The dawning of a ‘Golden era’ in lantibiotic bioengineering
Article first published online: 11 OCT 2010
© 2010 Blackwell Publishing Ltd
Volume 78, Issue 5, pages 1077–1087, December 2010
How to Cite
Field, D., Hill, C., Cotter, P. D. and Ross, R. P. (2010), The dawning of a ‘Golden era’ in lantibiotic bioengineering. Molecular Microbiology, 78: 1077–1087. doi: 10.1111/j.1365-2958.2010.07406.x
- Issue published online: 21 NOV 2010
- Article first published online: 11 OCT 2010
- Accepted manuscript online: 28 SEP 2010 09:15PM EST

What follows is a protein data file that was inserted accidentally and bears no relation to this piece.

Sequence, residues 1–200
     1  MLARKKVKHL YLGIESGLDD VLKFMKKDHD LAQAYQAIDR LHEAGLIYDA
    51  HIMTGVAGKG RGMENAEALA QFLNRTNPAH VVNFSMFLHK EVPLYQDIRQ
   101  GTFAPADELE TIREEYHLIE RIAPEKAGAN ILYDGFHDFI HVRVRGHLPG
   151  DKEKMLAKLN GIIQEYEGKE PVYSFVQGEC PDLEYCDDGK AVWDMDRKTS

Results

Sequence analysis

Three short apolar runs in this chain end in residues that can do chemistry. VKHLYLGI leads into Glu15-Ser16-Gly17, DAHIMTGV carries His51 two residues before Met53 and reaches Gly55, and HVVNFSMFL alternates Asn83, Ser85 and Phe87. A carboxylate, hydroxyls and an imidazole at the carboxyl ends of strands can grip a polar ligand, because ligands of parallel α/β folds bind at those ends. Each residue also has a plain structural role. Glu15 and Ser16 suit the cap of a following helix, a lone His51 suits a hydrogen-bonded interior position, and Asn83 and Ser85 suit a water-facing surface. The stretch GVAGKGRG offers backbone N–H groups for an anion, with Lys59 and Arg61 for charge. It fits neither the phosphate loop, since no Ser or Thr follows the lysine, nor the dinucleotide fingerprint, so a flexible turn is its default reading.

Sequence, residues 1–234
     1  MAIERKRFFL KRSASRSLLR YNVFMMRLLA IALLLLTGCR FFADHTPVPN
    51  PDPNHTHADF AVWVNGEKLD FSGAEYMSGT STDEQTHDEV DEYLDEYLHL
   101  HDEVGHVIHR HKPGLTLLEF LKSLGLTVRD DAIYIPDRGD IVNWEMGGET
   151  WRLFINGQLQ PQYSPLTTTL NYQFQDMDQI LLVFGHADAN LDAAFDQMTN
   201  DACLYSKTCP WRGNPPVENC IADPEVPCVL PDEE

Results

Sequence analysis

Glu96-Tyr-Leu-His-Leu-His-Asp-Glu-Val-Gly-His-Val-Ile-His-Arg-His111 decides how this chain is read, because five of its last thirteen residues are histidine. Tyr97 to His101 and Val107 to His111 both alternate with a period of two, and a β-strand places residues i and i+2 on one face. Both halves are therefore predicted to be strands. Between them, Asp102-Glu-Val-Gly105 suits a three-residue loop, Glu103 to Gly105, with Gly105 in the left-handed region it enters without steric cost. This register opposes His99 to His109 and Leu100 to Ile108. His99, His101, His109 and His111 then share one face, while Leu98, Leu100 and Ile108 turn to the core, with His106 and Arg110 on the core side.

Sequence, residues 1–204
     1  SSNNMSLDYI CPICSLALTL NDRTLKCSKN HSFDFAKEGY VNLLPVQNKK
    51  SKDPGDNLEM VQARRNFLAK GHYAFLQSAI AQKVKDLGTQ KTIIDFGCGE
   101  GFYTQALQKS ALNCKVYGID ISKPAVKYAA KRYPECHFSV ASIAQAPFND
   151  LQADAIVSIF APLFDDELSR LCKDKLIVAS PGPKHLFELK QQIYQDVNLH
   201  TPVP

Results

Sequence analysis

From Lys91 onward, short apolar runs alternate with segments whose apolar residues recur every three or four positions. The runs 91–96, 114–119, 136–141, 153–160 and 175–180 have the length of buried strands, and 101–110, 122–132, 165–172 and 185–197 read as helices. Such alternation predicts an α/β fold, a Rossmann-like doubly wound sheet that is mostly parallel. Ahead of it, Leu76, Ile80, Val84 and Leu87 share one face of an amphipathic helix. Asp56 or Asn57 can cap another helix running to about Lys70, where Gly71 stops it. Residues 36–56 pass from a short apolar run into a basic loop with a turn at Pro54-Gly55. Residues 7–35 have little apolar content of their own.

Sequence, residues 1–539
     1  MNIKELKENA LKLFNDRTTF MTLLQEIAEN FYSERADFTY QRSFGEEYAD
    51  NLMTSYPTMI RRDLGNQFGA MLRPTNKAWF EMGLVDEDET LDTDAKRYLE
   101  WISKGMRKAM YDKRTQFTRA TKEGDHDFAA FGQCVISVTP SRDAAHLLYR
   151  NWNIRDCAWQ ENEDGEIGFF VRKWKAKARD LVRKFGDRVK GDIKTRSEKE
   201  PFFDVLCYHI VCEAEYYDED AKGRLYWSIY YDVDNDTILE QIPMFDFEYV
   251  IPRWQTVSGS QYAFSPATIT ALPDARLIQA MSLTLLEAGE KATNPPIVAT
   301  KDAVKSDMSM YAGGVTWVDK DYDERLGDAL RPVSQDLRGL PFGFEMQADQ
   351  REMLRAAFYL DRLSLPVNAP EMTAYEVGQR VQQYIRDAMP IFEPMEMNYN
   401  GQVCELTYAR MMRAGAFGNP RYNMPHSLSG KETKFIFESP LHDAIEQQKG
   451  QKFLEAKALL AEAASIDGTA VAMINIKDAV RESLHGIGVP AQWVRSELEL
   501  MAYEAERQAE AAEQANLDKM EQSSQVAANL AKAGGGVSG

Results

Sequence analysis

- Accepted 15 September, 2010.
There are many examples of highly modified antimicrobial peptides in nature, many of which are non-ribosomally synthesized. However, the bacterial lantibiotics are produced as gene-encoded pre-peptides that are subsequently modified by dedicated enzyme systems to form extraordinarily potent inhibitors. Consequently, they are much more amenable to bioengineering which could lead to the generation of a new arsenal of potent antimicrobials. However, although bioengineering of these compounds has been underway for at least two decades, significant progress has only been reported in recent years. This review charts these recent developments which suggest that we are entering a ‘Golden era’ of lantibiotic bioengineering.